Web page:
- Professor Sonia Blandford, founder and CEO, Achievement for All and author of Born to Fail? A Working Class View

This wide-ranging collection of essays and articles should be compulsory reading for those teachers, parents and children who feel worn down and worn out by the meagre diet of coaching, cramming and rehearsal that constitutes so much of young people’s daily experience of formal education.

'The Working Class' shows that it doesn’t have to be like this, however. We have brilliant educators who want to put the child at the centre of educational policy, and we have equally brilliant children with a whole range of varied talents that need to be discovered and developed.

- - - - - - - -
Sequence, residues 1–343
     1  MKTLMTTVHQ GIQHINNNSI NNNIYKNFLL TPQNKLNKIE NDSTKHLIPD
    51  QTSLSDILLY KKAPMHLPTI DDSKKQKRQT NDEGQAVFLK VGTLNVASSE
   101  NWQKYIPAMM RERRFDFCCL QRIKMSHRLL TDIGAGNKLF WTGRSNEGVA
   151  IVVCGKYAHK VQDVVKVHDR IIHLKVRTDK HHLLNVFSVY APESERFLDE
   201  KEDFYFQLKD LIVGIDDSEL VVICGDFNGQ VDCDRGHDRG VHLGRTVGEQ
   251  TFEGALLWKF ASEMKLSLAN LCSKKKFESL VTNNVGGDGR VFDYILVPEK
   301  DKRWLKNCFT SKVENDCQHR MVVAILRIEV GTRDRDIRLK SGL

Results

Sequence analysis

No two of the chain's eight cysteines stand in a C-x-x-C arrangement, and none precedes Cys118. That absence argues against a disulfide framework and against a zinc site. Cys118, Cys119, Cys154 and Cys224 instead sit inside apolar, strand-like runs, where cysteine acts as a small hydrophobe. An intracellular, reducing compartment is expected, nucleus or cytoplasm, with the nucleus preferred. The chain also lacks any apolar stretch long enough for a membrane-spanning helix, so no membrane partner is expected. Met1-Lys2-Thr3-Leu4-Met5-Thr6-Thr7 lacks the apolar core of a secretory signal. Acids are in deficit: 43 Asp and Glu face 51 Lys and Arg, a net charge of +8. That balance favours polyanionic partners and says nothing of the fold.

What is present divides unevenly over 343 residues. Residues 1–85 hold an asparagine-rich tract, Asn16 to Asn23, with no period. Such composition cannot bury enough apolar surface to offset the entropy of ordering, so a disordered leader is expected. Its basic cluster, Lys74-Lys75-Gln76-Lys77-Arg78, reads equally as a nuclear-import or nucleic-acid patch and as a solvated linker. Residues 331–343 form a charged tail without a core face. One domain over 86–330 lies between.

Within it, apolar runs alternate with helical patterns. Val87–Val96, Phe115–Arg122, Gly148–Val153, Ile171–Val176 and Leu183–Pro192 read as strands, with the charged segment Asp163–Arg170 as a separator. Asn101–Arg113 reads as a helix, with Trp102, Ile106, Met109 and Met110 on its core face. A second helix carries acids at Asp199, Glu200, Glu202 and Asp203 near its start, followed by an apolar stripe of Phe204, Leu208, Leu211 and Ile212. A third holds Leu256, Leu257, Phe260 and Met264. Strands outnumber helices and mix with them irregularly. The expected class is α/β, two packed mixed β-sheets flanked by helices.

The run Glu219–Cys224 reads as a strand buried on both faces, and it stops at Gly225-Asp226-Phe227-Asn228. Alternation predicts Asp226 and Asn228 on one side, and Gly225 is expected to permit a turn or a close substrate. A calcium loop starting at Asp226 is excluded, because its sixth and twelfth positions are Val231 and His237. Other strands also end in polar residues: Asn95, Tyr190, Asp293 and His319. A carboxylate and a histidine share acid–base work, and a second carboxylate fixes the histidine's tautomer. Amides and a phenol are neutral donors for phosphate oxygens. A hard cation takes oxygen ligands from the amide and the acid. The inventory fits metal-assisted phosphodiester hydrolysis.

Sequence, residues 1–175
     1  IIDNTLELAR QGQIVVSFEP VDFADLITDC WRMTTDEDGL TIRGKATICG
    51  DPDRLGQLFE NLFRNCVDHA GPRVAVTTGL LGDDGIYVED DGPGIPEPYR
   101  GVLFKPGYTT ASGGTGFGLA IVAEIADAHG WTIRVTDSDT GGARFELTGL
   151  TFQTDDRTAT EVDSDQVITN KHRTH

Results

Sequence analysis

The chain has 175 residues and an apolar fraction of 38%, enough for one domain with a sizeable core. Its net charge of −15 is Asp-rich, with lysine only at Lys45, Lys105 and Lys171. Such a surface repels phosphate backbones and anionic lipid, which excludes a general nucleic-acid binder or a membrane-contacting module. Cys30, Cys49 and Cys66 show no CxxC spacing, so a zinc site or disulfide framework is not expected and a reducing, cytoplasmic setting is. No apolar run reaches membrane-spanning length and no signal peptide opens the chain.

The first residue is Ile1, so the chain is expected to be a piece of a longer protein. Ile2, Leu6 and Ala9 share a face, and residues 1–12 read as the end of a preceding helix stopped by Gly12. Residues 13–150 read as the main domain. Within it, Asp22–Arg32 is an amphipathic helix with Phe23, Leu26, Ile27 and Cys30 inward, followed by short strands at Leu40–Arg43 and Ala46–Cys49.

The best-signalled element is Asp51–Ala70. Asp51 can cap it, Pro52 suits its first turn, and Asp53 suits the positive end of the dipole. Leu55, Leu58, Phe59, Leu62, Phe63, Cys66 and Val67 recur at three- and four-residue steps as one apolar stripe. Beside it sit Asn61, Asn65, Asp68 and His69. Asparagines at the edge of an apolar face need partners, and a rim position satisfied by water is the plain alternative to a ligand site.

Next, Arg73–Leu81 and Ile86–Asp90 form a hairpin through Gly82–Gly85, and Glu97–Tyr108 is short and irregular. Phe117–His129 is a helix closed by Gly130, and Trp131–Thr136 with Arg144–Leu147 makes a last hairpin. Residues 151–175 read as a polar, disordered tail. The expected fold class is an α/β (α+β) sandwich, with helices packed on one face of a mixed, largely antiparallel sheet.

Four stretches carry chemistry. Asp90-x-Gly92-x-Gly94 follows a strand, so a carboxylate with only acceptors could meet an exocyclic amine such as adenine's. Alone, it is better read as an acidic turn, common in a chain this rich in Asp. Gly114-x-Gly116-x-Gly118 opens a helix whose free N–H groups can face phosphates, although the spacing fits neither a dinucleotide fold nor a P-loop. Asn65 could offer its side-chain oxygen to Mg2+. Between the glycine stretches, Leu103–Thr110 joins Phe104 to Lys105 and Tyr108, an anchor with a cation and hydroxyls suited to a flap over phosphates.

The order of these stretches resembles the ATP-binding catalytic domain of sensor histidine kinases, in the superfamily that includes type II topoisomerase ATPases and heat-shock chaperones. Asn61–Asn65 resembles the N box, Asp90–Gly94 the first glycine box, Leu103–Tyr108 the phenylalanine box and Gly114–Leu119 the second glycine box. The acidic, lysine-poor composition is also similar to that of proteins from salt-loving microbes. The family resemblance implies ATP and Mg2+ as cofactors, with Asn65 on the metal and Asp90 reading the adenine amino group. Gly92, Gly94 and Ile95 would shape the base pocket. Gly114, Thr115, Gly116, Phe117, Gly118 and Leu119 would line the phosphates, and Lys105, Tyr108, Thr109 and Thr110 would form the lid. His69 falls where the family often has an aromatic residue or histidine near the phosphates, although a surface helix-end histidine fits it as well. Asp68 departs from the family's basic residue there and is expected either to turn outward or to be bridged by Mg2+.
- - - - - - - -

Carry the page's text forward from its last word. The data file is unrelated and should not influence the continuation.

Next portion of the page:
The contributors know what the problem is – a neoliberal, marketised view of education as a commodity to be pre-packaged and delivered – and, by contesting the politics behind this view and promoting practice that challenges it, demonstrate that another world of genuine learning, informed by thoughtful pedagogy, can benefit us all.

- Dr Jon Berry, Programme Director for the Professional Doctorate in Education, University of Hertfordshire